Group questions necessity of Salt Lake mayor's security detail

Group questions necessity of Salt Lake mayor's security detail

(Spenser Heaps, Deseret News, File)

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SALT LAKE CITY — After learning how much it costs for Mayor Jackie Biskupski to have a security detail, Salt Lake City residents are raising concerns about how the money could be better spent.

During a Tuesday night meeting of the Salt Lake City Council, Bonnie Peters Gabrielson read a letter she penned on behalf of neighbors she met with to discuss the $163,000 annual cost for protecting Biskupski.

"In a city of approximately 193,000 people, and in this age of advanced security and technology, the cost for providing two bodyguards to protect one person seems unreasonably high," Gabrielson read.

That the associated cost of protection, $58,811 for one bodyguard and $66,185 for another, plus $24,400 in overtime and $13,663 in travel costs, she said, could otherwise be spent providing for four more police officers to patrol city streets.

Gabrielson, who delivered her letter to the City Council, also wrote that if Biskupski was at risk, what measures were being taken to protect residents and visitors to Salt Lake City?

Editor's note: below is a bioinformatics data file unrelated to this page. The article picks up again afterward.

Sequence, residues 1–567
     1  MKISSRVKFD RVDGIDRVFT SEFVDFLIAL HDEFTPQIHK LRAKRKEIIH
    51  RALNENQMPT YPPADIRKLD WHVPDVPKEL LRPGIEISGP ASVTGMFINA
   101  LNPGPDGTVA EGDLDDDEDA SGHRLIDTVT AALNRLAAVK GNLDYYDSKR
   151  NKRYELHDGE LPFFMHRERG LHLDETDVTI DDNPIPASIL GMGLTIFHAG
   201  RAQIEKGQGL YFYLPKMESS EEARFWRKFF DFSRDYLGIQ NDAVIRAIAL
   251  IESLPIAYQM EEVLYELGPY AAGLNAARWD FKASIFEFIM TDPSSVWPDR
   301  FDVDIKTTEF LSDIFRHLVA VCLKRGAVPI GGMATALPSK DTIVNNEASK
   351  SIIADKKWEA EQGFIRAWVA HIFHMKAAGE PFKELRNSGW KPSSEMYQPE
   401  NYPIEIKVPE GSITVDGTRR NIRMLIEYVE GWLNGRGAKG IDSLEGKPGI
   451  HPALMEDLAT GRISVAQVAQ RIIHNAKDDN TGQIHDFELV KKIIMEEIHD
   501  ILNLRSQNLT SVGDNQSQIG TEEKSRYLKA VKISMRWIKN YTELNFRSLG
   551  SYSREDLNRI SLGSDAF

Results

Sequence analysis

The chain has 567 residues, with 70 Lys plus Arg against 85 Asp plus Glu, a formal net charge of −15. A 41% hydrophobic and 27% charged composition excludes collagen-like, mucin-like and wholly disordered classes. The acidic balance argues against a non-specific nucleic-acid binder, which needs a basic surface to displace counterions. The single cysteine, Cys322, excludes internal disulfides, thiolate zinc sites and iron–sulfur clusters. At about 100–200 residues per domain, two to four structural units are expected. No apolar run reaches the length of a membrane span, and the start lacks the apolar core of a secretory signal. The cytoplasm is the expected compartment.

She also asked whether the protection Biskupski is being offered is excessive and if costs there could be cut.

The City Council did not comment on Gabrielson's letter during the meeting, but Councilman Derek Kitchen later expressed some doubts about the necessity of Biskupski's security detail.

"I'm not entirely sure that there is a true threat against the mayor," said Kitchen, who is openly gay and received death threats over homeless shelter site discussions, "but maybe there is, and maybe it's totally justified."


He said it's difficult to know whether Biskupski needs the security without information about alleged threats made against her.

"Obviously the community is concerned about that expense," Kitchen said.

Kitchen, like Gabrielson, said he considered where police efforts might be better spent. He said he made requests for more police presence in Pioneer Park and suggested that city funding would be better spent in providing patrols in neighborhoods that are seeing an increase in reported crimes.

Despite his comments, Kitchen said no action has yet been made to evaluate or decide on whether to continue Biskupski's security detail. Email:

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